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HD500 on Seymour Duncan Powerstage


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Hi Everyone,


Creating this topic to check if someone has tried the SD's powerstage (power amp > cab) on a live situation.

The reason why I ask is for me to decide whether to go for an axe fx or keep using the pod.

I mainly use the pod for live use and I guess, won't be using it for any recording stuff.

Most forum suggests the axe-fx but I'm having second thoughts as I may just be wasting money as most of the people in the forum are using it for recording.

I'm doing live shows and I mostly use Mesa or Fender as my amps for dirt and cleans (sometimes tweed or ac30).


Hope someone can chime in their experiences.
I'm not here to bash anything, just wanted to get an honest opinion on the pro's and con's as far as my usage is concerned.


Thanks in advance.

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Video checked both out. The 700 for stereo. Being very clean they are as good as what you put in front of it.

That is the answer! Seems pedal platform amps are the go this year.

I have seen the Wampler YT demo of theirs as well as the Blue guitar amp.

I went back to my original Peavey Renown when solid state ruled the world.

Those early Peavey's are reliable, outdoor concert loud on their clean channel.

Now these pedal platform amps are lightweight, world travelable if with the sampling voltage transformers in them

and solid state looks set to rule the world again.


Seems that the choices will get better as more of these class D lightweights are released by more pedal manufacturers and Amp makers

if they are selling well.

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Video checked both out. The 700 for stereo. Being very clean they are as good as what you put in front of it.

That is the answer! 


Thanks, bjnette.  I think this poweramp's EQ can pretty much lower if not eliminate the "fizz" on some of HD's high gain models.

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On the fizz, any high gain amp can fizz with high gain. It is not a HD only.

The first cause of fizz will be fret buzz on your guitar. Make sure you minimize it

in your guitar first before looking at your amp or modeler.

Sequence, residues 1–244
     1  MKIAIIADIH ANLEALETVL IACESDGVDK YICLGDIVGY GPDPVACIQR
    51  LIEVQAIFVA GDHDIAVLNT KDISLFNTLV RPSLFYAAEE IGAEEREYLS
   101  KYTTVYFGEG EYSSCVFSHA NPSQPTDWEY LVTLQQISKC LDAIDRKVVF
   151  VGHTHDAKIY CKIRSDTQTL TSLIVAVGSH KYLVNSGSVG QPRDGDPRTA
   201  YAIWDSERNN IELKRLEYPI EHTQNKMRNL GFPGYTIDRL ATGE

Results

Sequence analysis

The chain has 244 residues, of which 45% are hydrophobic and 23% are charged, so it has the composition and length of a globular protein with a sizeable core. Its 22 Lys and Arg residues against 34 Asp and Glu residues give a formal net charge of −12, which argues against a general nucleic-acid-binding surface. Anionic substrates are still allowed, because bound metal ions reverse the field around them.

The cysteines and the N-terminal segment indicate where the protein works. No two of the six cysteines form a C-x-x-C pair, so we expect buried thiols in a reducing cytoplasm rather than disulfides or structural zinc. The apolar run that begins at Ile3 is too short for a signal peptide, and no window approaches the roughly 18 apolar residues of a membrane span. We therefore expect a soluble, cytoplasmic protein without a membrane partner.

I can also mic an amp loud and record it and even with just a bit of breakup

can get fizziness. It comes from the mic capsule being hit so hard the basket

itself resonates. 57's are renown for it. Always check the SPL a mic can handle

for the source you are using it for. Expensive mics handle high spl.

I am not going to say that on a model or two when L6 modeled the amp

the person who did it put the mic too close. But in case they did, try changing the mic model.


But I will say for live use putting a mic close to the grill cloth was to help

against bleed from drums. Recording or modeling, no way, let the speaker move some air and capture it.

You don't need an EQ as there is a myriad of tones in every slight degree of placement shift.


Other sources are the speaker cloth with a fold and ends that can rattle against the cabinet

or worse the speaker and you get fizz.

The other is when recording a high gain amp and the frequency of the mic capsule baskets goes into sympathy

with it at the resonant frequency of the basket and even the capsule itself. This is probably the main source of fizz.

If a model sounds too fizzy try and change the mic and/or use an EQ to zero in on the frequency of the fizz and cut the narrow band

slightly, too much and your whole tone will go. Another EQ band of a broad Q on the same frequency can be raised a bit to save tone as well.

The SD Pwr Stage won't be able to zero in but can be used as the broad Q.

Lastly, your ears!

When you zero on a frequency you can become hyper sensitive to it. It has been found that those suffering

from ringing or noise in the ear can train their ears out of the condition in many cases and not all if you have

a blown ear drum. The person is gotten to concentrate on various frequencies including the ringing frequencies and

the condition improves in many cases.

It is also amazing how many times a guitarist has asked for the monitor mix to sound a little brighter and you

turn the knob and look and your given the thumbs up. Then you notice you were tweaking the wrong channel or hadn't engaged the EQ.

You can laugh but it is a very real phenomenon. Your ears can play tricks on you.

Once you have made sure you have no fret buzz changed the mic model etc. Take a break and come back with fresh ears and perform.

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